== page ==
The ECOWAS impact is most clear in relation to the ECPF. ECOWAS is in particular recognised as a norm-setting organisation in the region – particularly when it comes to political governance issues – and has mostly impacted the fields of mediation, early warning, and electoral support. Regarding the appearance of current threats in the region (such as terrorism, migration and farmer-herder conflicts), ECOWAS has so far not proven itself to be capable. On one hand, this can be explained by the fact that although some issues are transboundary and can be considered as regional threats, no political agreement has been reached on a (regional) division of labour to approach these issues. On the other hand, ECOWAS does not have the capacity to directly act upon the emergence of a violent situation. The ESF is not really a Standby Force, since ECOWAS does not have enough capacity to ensure that there is a military unit available at all times.
There is clearly a need for a more cross-border approach in light of the current peace and security issues in West Africa. The question is at what level such an approach is most relevant, particularly considering individual member states developing ad hoc coalitions depending on the issue at hand (e.g. G5 Sahel and MJTF in northeast Nigeria). ECOWAS needs to re-think its role in such processes, as it is limited in terms of quick responses due to a lack of (standing) capacity. ECOWAS likes to refer to their successes in conflict management, but the key examples provided are from the 1990s (Liberia, Sierra Leone), begging the question of if ECOWAS can still play a role at that scale. The Gambia example was a case where ‘the stars aligned’ in that the Gambia is a small political player in the region, and the big players all agreed on the same course of action (with Nigeria playing a lead role). ECOWAS provided a diplomatic cover and supported (very relevant) diplomatic interventions. The relevance of ECOWAS in the present is seen mostly as a norm-setting entity, and in the fields of early warning, mediation, and electoral assistance. All these are elements of the prevention agenda – with a focus on politics and diplomacy. This puts into question whether Denmark would be willing to support more politically focused support on issues like terrorism and migration, and would be willing to engage in a discussion on these issues with its partners under the APP.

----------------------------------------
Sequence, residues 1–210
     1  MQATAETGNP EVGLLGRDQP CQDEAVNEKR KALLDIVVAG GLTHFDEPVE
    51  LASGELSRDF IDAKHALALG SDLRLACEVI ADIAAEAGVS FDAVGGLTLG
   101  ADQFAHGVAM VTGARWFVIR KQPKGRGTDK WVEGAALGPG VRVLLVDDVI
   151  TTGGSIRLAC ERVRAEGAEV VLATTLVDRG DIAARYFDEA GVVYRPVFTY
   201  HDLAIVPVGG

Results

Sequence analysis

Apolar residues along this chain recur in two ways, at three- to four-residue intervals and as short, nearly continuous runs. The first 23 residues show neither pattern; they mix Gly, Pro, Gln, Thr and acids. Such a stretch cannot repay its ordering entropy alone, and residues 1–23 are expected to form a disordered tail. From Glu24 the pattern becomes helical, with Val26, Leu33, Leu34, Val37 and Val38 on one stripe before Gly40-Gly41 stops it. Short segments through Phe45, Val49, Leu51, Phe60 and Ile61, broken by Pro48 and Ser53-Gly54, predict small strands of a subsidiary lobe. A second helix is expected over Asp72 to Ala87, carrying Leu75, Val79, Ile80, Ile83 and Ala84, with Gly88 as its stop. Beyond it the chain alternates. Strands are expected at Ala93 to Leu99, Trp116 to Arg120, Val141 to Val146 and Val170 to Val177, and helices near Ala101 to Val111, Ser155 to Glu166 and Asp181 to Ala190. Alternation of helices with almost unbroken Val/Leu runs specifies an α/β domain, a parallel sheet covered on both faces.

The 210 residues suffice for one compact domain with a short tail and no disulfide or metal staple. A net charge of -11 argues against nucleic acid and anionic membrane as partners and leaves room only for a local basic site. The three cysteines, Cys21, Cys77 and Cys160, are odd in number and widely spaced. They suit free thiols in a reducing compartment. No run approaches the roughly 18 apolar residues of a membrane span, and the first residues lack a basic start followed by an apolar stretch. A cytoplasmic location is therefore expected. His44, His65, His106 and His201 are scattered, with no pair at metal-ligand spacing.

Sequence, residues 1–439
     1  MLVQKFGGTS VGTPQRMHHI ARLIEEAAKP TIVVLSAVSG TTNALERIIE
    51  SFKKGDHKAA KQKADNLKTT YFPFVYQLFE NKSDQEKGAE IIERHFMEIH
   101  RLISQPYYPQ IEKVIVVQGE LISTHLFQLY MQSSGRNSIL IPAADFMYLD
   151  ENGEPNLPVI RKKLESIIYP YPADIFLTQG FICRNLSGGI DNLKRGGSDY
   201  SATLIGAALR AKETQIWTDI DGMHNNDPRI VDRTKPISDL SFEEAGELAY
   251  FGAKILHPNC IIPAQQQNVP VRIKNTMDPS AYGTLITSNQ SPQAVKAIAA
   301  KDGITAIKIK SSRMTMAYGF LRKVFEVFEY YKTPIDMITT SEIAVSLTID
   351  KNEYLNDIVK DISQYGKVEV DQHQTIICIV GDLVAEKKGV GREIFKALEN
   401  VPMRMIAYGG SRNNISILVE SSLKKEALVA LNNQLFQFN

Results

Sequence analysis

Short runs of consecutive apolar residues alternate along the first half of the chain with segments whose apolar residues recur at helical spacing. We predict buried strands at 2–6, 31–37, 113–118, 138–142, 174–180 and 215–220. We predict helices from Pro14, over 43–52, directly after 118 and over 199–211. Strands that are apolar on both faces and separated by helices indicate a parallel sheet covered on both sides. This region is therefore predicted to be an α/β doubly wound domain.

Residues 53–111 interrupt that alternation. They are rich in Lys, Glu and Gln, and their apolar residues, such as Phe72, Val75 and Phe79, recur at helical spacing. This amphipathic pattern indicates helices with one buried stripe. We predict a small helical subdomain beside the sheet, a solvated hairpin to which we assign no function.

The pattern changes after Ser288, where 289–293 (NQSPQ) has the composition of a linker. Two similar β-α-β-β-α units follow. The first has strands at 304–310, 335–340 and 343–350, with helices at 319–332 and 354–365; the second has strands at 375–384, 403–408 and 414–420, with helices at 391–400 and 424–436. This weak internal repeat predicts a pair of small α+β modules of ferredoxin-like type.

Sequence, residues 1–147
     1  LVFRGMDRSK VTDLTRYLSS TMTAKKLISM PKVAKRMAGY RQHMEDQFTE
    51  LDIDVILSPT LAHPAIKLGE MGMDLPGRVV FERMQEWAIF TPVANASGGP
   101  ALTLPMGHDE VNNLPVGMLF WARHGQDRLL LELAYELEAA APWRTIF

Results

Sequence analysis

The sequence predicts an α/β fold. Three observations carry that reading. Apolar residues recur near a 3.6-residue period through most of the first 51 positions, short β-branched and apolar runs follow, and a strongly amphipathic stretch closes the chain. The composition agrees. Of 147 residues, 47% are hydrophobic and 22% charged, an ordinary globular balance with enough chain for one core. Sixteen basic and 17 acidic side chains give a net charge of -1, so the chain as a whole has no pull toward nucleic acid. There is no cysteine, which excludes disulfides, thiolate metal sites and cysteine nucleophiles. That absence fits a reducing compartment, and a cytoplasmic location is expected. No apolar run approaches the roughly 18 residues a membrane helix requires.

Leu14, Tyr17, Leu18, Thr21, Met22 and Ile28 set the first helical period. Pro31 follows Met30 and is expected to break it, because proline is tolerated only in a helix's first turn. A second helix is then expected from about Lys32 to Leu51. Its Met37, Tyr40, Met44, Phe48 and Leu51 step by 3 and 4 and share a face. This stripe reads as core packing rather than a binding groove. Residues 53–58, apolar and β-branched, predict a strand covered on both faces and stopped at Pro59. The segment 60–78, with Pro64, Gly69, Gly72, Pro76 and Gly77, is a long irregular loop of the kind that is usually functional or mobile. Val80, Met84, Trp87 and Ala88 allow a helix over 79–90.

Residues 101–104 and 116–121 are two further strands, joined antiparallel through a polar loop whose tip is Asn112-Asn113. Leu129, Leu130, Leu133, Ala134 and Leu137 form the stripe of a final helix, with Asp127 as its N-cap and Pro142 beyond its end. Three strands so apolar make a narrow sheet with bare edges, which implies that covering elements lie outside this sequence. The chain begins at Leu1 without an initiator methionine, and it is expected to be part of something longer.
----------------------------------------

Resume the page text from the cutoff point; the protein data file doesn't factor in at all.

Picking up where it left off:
With ECOWAS moving from the development of guidance and frameworks towards the actual implementation of these at the level of individual member states, its impact will be hindered by the fact that ECOWAS does not have the mandate (or capacity) to ‘intervene’ in individual member states beyond the central state level – and even its central intervention capabilities are limited. To effectively implement ECOWARN in member states, civil society organisations have to be involved, which goes beyond the ECOWAS mandate and capacity. Organisations like WANEP could provide assistance in this regard.
To assess the impact of WANEP and KAIPTC as Components of the APP, one should also consider the impact of the ECOWAS Component – given that the APP relevance of both WANEP and KAIPTC is linked to their roles in supporting ECOWAS in its role as a regional peace and security actor. WANEP is an important player vis-à-vis ECOWAS. WANEP is key regarding electoral support (training and monitoring), as a Track II mediator, and its contribution to the ECOWAS Early Warning mechanism is fundamental (with interviewees stating that without WANEP, ECOWARN would collapse). WANEP has also actively assisted in the development and design of the ECPF. WANEP impact is supported by the key implementing role that has been assigned to them (through an MoU with ECOWAS) in two of the most successful elements of ECOWAS’ peace and security work (early warning and electoral assistance). WANEP has also set up programmes in response to the new regional security threats and has included these in its Strategic Plan (ensuring the use of core funding to this end).